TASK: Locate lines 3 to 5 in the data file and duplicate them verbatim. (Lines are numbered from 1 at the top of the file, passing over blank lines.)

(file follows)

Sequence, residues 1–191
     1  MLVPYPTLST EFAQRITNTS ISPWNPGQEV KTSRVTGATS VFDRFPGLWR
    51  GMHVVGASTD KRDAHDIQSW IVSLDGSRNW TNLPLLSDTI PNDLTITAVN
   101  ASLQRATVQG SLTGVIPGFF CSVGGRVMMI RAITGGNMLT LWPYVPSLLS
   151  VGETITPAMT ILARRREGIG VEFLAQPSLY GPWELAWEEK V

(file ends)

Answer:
    51  GMHVVGASTD KRDAHDIQSW IVSLDGSRNW TNLPLLSDTI PNDLTITAVN
   101  ASLQRATVQG SLTGVIPGFF CSVGGRVMMI RAITGGNMLT LWPYVPSLLS
   151  VGETITPAMT ILARRREGIG VEFLAQPSLY GPWELAWEEK V